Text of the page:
The 170 page full color rulebook is available as a hard cover and as a PDF from various retailers including Amazon and at BattleCorps and DriveThruRPG. <Rant> As a side note, if you play games at a local independent game retailer, please purchase your game materials there. Help keep those who provide you with play space in business </Rant>. It’s around $30, but you can find used copies cheaper and you can sometimes score a deal for the PDF. I got it for $15 off DriveThruRPG when it came on sale.

The layout is fairly standard for any Catalyst game with a good index/glossary, tabbed side bar for easy reference when flipping through the book, full color images for charts and examples of play and a nice reference area in the back with all the tables and charts. The book is organized into “tiers” of complexity by giving the reader a good introduction to the basic game terms and mechanics at the beginning, followed up with chapters that introduce new and more complex rules as you read on, ending with a sample campaign and a nice overview of the BattleTech universe and history.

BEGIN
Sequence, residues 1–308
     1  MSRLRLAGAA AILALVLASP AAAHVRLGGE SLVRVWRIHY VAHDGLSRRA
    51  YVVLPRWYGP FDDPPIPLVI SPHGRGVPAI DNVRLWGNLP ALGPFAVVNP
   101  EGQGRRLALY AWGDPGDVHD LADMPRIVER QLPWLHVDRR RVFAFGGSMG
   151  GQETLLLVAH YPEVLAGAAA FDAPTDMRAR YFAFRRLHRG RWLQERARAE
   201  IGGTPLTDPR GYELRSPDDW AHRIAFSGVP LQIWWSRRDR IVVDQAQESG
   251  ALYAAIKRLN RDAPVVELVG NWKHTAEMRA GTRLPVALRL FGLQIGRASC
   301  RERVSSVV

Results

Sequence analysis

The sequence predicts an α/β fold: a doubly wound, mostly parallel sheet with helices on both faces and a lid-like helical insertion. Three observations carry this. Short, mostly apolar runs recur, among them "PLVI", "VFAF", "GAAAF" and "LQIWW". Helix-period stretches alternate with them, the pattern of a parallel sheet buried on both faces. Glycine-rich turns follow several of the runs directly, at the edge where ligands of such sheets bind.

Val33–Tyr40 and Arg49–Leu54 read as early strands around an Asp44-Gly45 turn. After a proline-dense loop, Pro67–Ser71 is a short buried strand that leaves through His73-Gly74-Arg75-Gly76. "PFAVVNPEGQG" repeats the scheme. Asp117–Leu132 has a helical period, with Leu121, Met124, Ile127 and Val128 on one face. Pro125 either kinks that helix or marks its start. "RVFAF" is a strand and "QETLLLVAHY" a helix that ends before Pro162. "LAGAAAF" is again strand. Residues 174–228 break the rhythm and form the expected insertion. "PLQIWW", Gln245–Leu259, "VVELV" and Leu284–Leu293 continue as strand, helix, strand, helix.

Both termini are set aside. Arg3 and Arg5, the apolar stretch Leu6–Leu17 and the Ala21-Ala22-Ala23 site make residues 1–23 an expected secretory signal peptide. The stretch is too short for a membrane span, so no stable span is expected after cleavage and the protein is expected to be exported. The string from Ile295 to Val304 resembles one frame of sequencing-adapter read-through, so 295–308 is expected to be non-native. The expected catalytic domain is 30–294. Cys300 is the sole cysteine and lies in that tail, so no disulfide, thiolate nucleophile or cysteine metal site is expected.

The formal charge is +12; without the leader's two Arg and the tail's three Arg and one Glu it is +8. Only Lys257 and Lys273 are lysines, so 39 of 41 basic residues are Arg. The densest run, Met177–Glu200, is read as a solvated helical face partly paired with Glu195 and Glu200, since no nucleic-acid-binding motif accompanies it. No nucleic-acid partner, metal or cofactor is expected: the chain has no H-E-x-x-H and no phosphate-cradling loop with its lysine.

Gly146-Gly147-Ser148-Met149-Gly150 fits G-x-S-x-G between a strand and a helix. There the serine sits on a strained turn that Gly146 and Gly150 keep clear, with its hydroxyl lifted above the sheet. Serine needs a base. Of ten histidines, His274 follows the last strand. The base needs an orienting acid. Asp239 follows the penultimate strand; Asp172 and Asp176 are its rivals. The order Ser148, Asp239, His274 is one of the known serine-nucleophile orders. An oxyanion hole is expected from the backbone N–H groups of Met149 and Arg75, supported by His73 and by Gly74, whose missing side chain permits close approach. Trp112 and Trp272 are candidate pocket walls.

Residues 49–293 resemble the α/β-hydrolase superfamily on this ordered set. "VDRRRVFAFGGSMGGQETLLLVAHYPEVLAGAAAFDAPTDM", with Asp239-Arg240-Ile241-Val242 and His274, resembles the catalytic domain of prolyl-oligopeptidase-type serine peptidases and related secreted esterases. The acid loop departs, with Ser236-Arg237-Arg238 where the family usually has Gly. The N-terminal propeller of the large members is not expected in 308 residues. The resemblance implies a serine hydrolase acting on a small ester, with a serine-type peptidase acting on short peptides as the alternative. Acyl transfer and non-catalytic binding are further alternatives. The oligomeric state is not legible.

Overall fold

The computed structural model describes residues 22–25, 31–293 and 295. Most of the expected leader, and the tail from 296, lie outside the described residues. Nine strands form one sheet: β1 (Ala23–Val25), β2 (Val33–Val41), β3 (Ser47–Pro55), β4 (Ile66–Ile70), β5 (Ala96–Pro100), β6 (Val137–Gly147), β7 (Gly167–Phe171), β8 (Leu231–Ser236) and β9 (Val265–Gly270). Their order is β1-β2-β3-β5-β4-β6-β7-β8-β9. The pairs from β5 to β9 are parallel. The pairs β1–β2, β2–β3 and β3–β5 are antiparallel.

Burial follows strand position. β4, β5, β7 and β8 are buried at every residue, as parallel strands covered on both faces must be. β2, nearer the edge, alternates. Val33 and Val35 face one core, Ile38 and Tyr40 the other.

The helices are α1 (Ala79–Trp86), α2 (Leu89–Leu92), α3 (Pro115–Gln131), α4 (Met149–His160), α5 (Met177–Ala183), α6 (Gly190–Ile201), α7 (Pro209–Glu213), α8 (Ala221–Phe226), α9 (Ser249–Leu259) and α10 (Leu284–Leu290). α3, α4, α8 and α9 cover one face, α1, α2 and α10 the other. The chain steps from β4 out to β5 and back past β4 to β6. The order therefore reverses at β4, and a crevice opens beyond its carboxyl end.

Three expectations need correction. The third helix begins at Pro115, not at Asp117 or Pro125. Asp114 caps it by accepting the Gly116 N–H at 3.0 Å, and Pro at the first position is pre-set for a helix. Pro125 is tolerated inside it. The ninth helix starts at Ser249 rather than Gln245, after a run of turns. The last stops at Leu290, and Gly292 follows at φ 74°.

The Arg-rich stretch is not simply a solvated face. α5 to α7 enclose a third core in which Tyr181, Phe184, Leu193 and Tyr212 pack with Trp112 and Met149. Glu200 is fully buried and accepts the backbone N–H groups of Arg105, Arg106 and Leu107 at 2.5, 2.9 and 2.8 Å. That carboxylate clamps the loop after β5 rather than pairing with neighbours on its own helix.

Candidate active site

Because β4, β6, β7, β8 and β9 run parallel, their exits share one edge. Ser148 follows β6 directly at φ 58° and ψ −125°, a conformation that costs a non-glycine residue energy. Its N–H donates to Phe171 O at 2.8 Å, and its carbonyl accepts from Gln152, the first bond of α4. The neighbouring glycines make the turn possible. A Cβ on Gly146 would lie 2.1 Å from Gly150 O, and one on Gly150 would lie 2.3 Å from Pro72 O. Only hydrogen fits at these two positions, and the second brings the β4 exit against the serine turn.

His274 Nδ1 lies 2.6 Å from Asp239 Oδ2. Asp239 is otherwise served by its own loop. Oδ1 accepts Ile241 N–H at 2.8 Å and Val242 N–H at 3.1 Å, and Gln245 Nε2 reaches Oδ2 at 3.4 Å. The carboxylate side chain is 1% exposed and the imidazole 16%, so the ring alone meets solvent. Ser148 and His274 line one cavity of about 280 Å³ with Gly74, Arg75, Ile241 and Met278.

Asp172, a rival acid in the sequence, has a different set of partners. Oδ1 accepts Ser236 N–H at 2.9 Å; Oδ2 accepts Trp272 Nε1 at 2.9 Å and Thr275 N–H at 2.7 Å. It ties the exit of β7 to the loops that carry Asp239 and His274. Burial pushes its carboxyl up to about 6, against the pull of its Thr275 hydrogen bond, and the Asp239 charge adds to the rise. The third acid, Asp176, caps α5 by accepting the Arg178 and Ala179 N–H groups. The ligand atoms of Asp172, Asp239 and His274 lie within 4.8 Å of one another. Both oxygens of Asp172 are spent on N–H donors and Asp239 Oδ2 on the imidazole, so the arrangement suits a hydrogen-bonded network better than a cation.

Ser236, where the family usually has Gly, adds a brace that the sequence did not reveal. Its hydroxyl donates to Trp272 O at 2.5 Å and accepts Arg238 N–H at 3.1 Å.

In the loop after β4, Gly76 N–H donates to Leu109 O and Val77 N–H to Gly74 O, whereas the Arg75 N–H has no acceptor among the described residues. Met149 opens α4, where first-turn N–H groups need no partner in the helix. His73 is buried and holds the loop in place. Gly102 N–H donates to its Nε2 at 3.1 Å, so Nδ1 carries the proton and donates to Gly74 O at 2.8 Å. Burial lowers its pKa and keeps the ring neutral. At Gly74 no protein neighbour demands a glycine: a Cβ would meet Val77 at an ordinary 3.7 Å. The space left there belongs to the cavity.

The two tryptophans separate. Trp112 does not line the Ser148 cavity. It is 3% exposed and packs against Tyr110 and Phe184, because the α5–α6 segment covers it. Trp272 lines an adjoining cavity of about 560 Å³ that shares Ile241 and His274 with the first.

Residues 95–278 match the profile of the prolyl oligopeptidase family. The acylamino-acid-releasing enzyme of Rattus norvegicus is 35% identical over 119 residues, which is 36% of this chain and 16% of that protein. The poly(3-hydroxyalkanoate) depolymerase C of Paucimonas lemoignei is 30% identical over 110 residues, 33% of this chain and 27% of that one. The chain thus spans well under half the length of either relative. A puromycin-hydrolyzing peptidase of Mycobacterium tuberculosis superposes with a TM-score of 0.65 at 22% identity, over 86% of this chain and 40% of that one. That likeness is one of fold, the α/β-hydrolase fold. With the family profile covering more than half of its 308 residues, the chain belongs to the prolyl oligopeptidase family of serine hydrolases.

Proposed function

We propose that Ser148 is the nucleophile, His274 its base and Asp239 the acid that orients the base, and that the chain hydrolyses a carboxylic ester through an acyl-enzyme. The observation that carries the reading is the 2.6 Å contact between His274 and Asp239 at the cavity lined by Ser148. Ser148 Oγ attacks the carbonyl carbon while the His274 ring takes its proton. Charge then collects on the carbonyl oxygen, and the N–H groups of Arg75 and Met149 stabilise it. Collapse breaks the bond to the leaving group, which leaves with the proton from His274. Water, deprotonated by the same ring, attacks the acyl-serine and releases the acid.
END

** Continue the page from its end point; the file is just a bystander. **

The chapter breakdown is as follows:
1) Introductory Alpha Strike
2) Standard Alpha Strike
3) Abstract Aerospace System
4) Advanced Alpha Strike Options (advanced terrain, artillery, buildings, exotic environmental conditions, smoke, fire and conversion from terrain play to the more familiar hex.
5) Campaign play
6) Campaign Setting: Clan Invasion
7) The BattleTech Universe